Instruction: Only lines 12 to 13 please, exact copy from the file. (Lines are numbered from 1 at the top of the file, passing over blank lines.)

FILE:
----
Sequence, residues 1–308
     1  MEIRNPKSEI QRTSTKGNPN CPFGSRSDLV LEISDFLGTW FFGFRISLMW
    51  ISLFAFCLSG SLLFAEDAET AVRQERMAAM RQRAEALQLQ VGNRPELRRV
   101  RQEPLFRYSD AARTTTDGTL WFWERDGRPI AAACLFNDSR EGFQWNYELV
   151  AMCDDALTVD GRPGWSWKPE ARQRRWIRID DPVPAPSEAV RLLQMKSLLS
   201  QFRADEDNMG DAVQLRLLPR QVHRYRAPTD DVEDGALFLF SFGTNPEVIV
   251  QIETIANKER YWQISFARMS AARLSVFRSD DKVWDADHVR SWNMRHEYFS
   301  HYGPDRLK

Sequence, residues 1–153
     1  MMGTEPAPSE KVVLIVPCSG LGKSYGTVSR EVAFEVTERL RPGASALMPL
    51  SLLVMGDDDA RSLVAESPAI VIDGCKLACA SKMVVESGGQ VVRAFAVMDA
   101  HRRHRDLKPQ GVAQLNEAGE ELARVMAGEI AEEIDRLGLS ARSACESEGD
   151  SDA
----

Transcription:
   101  HRRHRDLKPQ GVAQLNEAGE ELARVMAGEI AEEIDRLGLS ARSACESEGD
   151  SDA